Police in Philadelphia are on pace to arrest more than 3,000 people for carrying a gun without a license this year, but that doesn’t mean that thousands of individuals are going to end up in jail as a result. In fact, according to the Philadelphia Inquirer, while arrests are going up, prosecutions and convictions for illegally carrying a gun are going down, and the paper pins the blame on Philadelphia District Attorney Larry Krasner.
In 2021, police are making arrests for carrying an illegal gun on a pace nearly three times that of 2017, according to an Inquirer analysis of police data and eight years of court dockets.
Meanwhile, people accused of illegally carrying guns have seen their chances of getting convicted in court plunge from 63% in 2017 to 49% two years later.
Put plainly, people accused of carrying illegal guns in recent years have had better than a coin flip’s chance of beating their case in court.
The Inquirer analysis looked at cases where the most serious crime was a Violation of the Uniform Firearms Act (VUFA), nonviolent offenses that can range from carrying an unlicensed weapon, a misdemeanor, to being barred from possessing a firearm due to a previous conviction, a felony that can lead to years in prison.
Police have long considered VUFA arrests essential to reducing crime because they take weapons out of the hands of people who later might use them.
Police Commissioner Danielle Outlaw said Philadelphia’s criminal justice system has become a “revolving door” for repeat gun offenders — leaving more of them on the street with their weapons, with little reason to fear the consequences of being caught.
Although she declined to single out District Attorney Larry Krasner, her top partner in Philadelphia law enforcement, Outlaw echoed a point that the Inquirer analysis revealed — that conviction rates for being caught with an illegal gun dropped after Krasner was sworn into office in January 2018.
Krasner’s a far-Left prosecutor, and I’ve leveled plenty of criticism at both him and his office for failing to prosecute violent offenders, but I don’t necessarily fault him for a lack of prosecutions when it comes to non-violent, possessory offenses. I don’t think that someone who’s simply carrying a firearm without a license should be looking at prison time as a result, particularly when 18 (soon to be 19 once Tennessee’s governor signs a permitless carry bill that just passed the legislature) states don’t require a permit to carry in the first place.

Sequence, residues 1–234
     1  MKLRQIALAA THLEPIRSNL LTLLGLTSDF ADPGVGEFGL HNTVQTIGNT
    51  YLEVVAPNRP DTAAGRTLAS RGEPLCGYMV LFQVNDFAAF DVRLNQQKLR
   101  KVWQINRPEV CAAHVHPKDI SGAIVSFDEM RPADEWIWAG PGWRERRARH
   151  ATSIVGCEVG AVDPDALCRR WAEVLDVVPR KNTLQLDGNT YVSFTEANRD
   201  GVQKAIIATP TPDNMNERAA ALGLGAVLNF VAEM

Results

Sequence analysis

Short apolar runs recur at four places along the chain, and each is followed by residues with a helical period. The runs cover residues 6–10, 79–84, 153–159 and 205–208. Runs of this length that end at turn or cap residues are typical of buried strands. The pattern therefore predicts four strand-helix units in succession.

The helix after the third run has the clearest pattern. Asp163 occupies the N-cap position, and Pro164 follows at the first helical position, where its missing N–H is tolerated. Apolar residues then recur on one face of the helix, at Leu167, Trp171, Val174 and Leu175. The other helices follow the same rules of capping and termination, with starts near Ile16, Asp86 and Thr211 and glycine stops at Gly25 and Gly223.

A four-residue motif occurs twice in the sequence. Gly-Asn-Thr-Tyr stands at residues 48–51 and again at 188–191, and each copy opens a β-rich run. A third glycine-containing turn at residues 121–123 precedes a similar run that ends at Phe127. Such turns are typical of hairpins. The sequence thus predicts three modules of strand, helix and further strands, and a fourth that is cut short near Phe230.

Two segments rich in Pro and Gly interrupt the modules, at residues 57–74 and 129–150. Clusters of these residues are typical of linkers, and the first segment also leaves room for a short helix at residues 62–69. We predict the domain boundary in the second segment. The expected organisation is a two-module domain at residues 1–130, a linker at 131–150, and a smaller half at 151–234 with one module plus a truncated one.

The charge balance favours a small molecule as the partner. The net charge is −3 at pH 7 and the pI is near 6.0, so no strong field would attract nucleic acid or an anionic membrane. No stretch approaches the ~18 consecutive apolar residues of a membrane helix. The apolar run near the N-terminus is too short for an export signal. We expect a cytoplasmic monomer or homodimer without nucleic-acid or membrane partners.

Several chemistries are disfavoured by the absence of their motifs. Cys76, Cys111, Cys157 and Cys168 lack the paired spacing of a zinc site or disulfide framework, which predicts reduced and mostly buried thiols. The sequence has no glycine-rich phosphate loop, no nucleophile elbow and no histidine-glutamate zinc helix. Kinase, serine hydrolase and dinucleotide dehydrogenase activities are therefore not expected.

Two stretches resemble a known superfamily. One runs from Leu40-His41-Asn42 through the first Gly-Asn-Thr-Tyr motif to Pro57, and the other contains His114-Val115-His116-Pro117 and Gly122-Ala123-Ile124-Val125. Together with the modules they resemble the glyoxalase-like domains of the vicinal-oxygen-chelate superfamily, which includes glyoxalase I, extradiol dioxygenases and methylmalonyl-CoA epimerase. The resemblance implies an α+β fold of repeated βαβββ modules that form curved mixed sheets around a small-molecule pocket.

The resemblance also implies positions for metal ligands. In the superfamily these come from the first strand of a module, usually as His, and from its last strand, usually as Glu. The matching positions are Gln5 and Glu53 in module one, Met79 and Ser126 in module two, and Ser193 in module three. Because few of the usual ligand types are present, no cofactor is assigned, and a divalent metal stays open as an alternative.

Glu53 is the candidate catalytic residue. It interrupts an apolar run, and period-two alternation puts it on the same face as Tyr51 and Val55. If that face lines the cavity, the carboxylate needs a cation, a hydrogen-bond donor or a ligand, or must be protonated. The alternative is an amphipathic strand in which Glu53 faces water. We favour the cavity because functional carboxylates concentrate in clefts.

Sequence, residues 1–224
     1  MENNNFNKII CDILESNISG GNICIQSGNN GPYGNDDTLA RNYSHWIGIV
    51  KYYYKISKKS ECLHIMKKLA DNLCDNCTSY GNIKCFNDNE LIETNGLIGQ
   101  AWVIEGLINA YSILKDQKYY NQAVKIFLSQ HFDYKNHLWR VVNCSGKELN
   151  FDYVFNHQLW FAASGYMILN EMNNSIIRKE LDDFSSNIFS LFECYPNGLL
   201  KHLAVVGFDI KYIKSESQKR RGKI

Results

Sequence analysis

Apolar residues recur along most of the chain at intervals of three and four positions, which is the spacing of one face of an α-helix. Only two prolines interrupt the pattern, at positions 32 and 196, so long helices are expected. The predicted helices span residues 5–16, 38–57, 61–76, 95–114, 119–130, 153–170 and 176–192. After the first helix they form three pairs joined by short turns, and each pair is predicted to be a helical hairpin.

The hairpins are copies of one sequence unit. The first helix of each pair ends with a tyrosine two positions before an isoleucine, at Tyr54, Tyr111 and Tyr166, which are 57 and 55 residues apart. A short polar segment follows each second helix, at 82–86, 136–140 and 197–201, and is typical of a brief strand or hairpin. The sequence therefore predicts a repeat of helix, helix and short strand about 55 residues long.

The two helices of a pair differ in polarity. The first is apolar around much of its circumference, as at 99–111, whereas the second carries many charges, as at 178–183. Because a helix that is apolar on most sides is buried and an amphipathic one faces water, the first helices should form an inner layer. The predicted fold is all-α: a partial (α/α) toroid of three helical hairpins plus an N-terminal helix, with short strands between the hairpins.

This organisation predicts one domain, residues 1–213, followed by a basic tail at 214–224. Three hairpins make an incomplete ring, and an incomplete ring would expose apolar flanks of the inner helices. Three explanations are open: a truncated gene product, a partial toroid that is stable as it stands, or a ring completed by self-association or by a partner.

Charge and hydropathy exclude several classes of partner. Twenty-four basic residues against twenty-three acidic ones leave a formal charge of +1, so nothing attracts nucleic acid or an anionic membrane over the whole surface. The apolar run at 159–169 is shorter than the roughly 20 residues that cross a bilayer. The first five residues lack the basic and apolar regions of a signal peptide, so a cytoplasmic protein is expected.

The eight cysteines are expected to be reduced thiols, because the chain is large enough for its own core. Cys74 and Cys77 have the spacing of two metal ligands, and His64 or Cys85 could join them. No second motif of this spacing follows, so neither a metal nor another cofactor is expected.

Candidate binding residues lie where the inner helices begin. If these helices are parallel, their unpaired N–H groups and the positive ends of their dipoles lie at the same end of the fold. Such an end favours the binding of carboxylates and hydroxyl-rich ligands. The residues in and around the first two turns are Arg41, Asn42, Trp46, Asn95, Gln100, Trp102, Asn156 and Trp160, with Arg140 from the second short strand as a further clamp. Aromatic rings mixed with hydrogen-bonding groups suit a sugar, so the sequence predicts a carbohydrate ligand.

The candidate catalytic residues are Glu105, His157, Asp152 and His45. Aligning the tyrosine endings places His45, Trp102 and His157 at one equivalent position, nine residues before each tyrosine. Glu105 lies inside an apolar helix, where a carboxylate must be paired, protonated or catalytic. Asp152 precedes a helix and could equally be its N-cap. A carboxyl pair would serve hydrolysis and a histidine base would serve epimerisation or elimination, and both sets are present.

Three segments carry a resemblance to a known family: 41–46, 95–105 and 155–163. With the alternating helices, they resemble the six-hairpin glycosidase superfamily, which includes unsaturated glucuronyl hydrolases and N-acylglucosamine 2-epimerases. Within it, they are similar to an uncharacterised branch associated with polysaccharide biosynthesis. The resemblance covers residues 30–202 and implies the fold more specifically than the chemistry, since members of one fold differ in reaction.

Philadelphia’s also put some unnecessary hurdles in front of those hoping to carry legally, including closing the city’s Gun Permit Unit during the COVID-19 restrictions last year. As a result thousands of applicants were unable to even drop off their paperwork, and the city ended up with a wait of more than a year for folks who are hoping to legally carry. It wouldn’t surprise me a bit if some of those folks decided to risk carrying without a license as the city’s violence crime rate began soaring upwards over the course of 2020, and Krasner says the majority of individuals arrested for possession without a license aren’t turning back up in court on violent charges.
Despite the drop in convictions for the nonviolent VUFA charges, most people arrested solely for gun possession have not been rearrested for new gun crimes, he contended. He is more concerned with swiftly and fairly convicting the people who actually use those guns to kill or wound others.
Amid the record rise in shootings, the vast majority of them unsolved, “We are dealing essentially with a form of triage, and we have to be sensible about what we prioritize,” he said.
That’s true (though it doesn’t explain why prosecutions for violent crimes have also declined under Krasner’s watch), and the city could help with those efforts by recognizing the legitimate right to keep and bear arms instead of trying to criminalize gun ownership. Not only should prosecuting violent crimes be a priority; encouraging lawful gun ownership should be one as well. In that respect, Philadelphia is failing miserably. Officials like Mayor Jim Kenney and Police Commissioner Danielle Outlaw continue to view lawful gun ownership as a problem in and of itself, but making guns taboo actually exacerbates the problem.
The city should be focusing on violent offenders, while taking a proactive and positive approach to responsible gun ownership. They should be helping residents to legally and lawfully exercise their rights, but instead the city’s focus remains on trying to arrest their way to safety, even if the majority of those who end up in handcuffs never posed a threat in the first place. Law-abiding citizens are discouraged through rules and regulations from exercising their Second Amendment rights, while Krasner’s office is prosecuting fewer violent criminals as well as those arrested for non-violent, possessory offenses. That’s a recipe for disaster, and its effects can be seen in some of the city’s most violent neighborhoods on a daily basis.
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